We know from cognitive psychology that there are many different ways to learn, and we learn information or concepts differently from how we learn self-awareness or a skill. I’ve not (yet) read anything that suggests what types of learning are best-served by peer-peer models, but I have some hunches from my own experiences as a trainer and learner.
I think peer-peer learning is particularly useful in developing emotional intelligence and specifically self-awareness. A supportive peer-peer environment can be a safe space to notice and ‘un-learn’ our limiting beliefs or recognise behaviours and attitudes which might not be serving us well.
Peer-peer learning is also incredibly useful when it comes to applying concepts or techniques to real-life situations. Because peers are often able to offer their experience, this means examples are more likely to ‘fit’ our world and resonate. This is incredibly useful in training when having understood a concept, to be able to convert that learning into action there is a step of processing ‘how can I use this information’.
Most recently, as part of a learning ‘pod’ on an online course I was doing, I also experienced the benefits of accountability via peer-peer learning – we each had to read a chapter of the training book and talk about it together the next week. Not wanting to let down the others, helped motivate me to do my individual ‘homework’.
As a trainer, I’d add peer-peer learning can be useful when the participants are sceptical about the content or the learning opportunity. When ‘conscripted’ onto in-house training courses, I find participants are less resistant to learning from one another than an external ‘expert’ who has been foisted on them!
However, I wouldn’t necessarily expect to be able to learn foundation skills or concepts through peer-peer learning. To me, it feels like a follow-on from core training, rather than a replacement for it.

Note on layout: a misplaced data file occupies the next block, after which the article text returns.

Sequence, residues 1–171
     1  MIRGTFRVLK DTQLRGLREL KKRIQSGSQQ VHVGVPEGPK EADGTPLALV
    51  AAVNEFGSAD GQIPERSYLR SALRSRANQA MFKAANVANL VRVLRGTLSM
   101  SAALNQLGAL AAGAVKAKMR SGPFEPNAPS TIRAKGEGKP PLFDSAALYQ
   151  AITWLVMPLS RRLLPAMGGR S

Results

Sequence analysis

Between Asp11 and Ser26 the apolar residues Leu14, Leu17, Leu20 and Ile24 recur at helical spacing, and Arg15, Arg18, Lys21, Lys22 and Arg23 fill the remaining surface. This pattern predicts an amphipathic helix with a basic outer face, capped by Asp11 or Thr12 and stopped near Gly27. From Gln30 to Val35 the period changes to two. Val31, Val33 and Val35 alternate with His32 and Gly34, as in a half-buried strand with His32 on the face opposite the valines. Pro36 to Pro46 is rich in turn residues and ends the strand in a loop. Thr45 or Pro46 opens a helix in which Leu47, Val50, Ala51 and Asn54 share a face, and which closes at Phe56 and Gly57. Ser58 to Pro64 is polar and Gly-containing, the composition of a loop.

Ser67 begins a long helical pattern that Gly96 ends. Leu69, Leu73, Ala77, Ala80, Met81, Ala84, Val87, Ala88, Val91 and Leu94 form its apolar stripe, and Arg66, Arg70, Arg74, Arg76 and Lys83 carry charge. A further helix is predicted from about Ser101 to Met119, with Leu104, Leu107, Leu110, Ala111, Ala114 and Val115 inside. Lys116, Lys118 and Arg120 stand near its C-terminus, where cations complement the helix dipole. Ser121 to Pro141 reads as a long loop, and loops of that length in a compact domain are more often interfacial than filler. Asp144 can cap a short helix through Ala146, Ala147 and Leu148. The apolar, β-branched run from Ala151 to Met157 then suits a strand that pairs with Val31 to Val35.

What makes for great peer-peer learning?
A clear agenda – even if I’m having a 60 min informal check-in with another professional, then it can be helpful to clarify what we want to get from one another and agree the best way to do it. It’s not just a chat, it’s important to have mutually agreed aims!
Structure – can be helpful. I’ve mentioned Action Learning which can be an incredibly powerful model over time, but it takes a certain degree of skill and familiarity with the process (and/or a very experienced facilitator). I often used the Troika Consulting model as a simpler peer-peer format on courses I run – as it takes less time to set up or practice and participants can easily continue to use this format after the course finishes if they enjoy it.
Equality – I don’t get hung up on titles and some variety of experience on the group is helpful, but it’s important we can see one another as peers and all learn ourselves as well as support one another. If the experience levels are too diverse then I find this can tip into more peer-mentoring than peer-peer learning, and that can impact commitment too if some people ‘gain’ more than others – especially when time is unpaid.
Diversity – different perspectives are often where biggest learning happens, so opportunities to learn from other sectors, other countries, people with a very different ‘style’ to me – all of these are valuable – so long as we have shared interests or values (there has to be some commonality).
Ground rules – confidentiality is often important, to be able to share openly, especially those things that are not going well. I value being able to be really open with my peers and I’m willing to share information widely, if we’re clear about the boundaries. Personally I like to ‘contract’ that we balance support with challenge – it’s a learning space, not a support group!
So, I’m a big fan of peer-peer learning and intend to keep doing it, formally and informally, and including it as part of my work as an Action Learning facilitator and trainer. Peer-peer learning isn’t a panacea though: I see it as one type of learning, but not the only one I deploy as a trainer or seek as a learner. It’s suited to some types and stages of learning, and requires a bit of support or structure to be effective.
I would love to hear other experiences and views on these question though – as well as find out more about research in these areas… so get in touch!